Monday, November 26, 2012

A Toddler for Grammie

Thanksgiving week I became a "Grammie" or grandmother.  Not an official grandmother.  The U.S. government has to approve of my daughter and son-in-law as adoptive parents first.

Although these new parents had sent me a few video clips and pictures, of a rambunctious 23 month old they had parented for a week, I wasn't sure what he would be like.

This is my daughter's rabbit "Stew".
Kids are like fingerprints.  Each one is different from another.  I had 4 toddlers of my own. They came about two years apart.  My baby girl was quiet, sweet, and cautious.  Think baby bunny.

Baby boy #1 was more active than a kernel in a sizzling pan .  I nicknamed him sponge because he guzzled water like an elephant.  He was loud, daring, and independent.  Think grizzly bear.

Baby boy #2  liked to say yes when he really meant no.   Singing, daydreaming, and making art with just about anything was one way to describe him.  A free spirit, I think.

Baby boy #3 was thoughtful, soft spoken, and gentle.  A girl magnet, even as a toddler.  I called him "little man".

Now they're adults, and here was my first Thanksgiving with my first grand baby.     

My grand baby is a little boy.  He's cautious with strangers, but after he gets to know them, he's ready to give the biggest  bear cub hug and smoochie kiss East of Texas.

My first grand baby.

He loves to growl "no" at the strangest times.  He's a runner, jumper, and shouter.  His smiles give so much they are incredible to describe.  Oh, he's as active as a cup of kernels in a sizzling pot.  His eating?  Well, he eats and drinks more than three hungry toddlers at a late lunch.  He's love warmed by sunshine.

I'm back home now, and I miss him.  Grandpa does, too.  My grand baby is 1,040 miles away.  He gives his new mommie and pappi blissful happiness, wet sloppy diapers, and much to think about. 

I can't wait to see him again; being a patient "Grammie" is tough.

Friday, November 16, 2012

Via Colori Houston 2012 Participating Artist

Tomorrow I will be participating in Via Colori's 7th Annual Houston Street Painting Festival.  The artists and sponsors of this festival help raise awareness for those who are hearing and speech impaired.  Every year, hundreds of thousands of dollars are raised to help support the work that the staff of the Center for Hearing and Speech (CHS) do.  One of the most important things they do is help kids prepare to enter Kindergarten. CHS has its own school for children 18 months to pre-K age. 

I've been preparing for this event for weeks.  Practicing my art on my rough canvas (the driveway) with pastel sticks that wash off easily with water.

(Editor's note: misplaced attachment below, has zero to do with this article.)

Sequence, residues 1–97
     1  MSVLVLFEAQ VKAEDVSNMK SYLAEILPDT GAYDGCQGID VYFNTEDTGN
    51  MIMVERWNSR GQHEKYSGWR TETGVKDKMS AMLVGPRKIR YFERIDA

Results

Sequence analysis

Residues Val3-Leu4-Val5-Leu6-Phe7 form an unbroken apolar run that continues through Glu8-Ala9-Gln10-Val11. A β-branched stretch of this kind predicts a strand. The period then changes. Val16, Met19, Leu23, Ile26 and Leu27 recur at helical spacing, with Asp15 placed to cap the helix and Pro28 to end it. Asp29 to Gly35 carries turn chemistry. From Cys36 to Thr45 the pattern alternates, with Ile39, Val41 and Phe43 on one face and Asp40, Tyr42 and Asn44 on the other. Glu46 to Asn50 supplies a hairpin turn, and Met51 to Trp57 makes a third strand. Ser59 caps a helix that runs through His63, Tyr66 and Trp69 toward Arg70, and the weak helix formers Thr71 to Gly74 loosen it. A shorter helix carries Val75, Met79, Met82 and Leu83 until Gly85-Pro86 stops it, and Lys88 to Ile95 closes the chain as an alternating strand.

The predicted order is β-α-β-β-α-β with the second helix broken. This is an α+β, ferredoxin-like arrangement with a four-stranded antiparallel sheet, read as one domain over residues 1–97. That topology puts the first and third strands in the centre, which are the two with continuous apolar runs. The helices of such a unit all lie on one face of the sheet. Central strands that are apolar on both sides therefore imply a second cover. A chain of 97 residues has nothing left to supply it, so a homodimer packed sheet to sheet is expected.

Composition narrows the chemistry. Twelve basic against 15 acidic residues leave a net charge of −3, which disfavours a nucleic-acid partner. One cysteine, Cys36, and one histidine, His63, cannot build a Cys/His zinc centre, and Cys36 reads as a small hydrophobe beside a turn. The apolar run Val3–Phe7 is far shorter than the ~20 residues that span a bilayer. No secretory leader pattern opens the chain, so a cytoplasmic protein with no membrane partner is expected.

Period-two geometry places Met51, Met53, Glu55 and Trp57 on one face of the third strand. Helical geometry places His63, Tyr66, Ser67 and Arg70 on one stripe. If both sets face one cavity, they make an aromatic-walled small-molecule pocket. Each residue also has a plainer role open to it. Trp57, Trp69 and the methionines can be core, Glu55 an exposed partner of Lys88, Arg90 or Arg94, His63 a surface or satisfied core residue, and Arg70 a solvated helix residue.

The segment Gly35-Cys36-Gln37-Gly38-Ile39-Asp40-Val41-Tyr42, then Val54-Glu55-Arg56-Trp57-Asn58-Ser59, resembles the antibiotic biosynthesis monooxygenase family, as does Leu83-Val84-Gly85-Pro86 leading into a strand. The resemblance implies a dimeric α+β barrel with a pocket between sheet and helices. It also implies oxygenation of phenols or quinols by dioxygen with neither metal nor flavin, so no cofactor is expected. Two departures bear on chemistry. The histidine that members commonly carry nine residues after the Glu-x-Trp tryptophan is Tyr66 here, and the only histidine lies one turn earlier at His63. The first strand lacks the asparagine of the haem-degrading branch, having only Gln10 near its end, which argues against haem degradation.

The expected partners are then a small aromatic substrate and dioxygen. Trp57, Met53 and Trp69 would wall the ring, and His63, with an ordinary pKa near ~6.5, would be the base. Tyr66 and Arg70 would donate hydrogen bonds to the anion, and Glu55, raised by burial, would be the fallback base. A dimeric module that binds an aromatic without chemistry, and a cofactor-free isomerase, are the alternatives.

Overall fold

I began with a digital image I had made months ago.  I liked the color and pattern of the worms and thought I would enjoy blending my new pastels to make the varied colors of the waves.

These characters are the Texas Eight Pointed Forester. 
They are vacationing in the Texas Gulf.

The last time I worked on murals, I was in high school.  So, I wanted to practice, practice, practice.  I'm glad I did.  As I worked, I discovered I needed a list of things I would have never thought of unless, I was actually working on the mural.

I discovered:
-  Making a grid drawing was too time consuming.  I was worn out before I began to fill in the    design.  I needed tracing paper and a document projector for magnification.
-  The sun zapped my strength.  I should work before 1:00 PM and after 4:00PM, if possible.
-  I must wear clothing that won't drag and smear my work as I lean over.  Must get a hat.
-  Rubbing the pastels into rough cement hurt my fingers.  I bought stencil sponges on wooden sticks.  These I used to blend and spread the pastels.
-  I need a chair for resting breaks.
-  A damp washcloth helps keep me, and my materials, clean.  
-  I should start at the top and finish each section before starting on the waves.
-  My water drops need a template to be perfectly round.  The hardware store has washers in varied sizes.

Finished Pastel Mural 4'x4'
Original Artwork

Ready? Well...
I received a beautiful T-shirt advertising the festival.  I washed it and tried it on for comfort.  The neck was too snug so, I snipped.  The shirt was too long so, I snip-snipped.  The sleeves were too long; I folded them under.  Then, I took out my sewing needle and thread.  I sewed.  I took out my crochet stick and yarn and added trim.
Gosh, I guess I'm ready.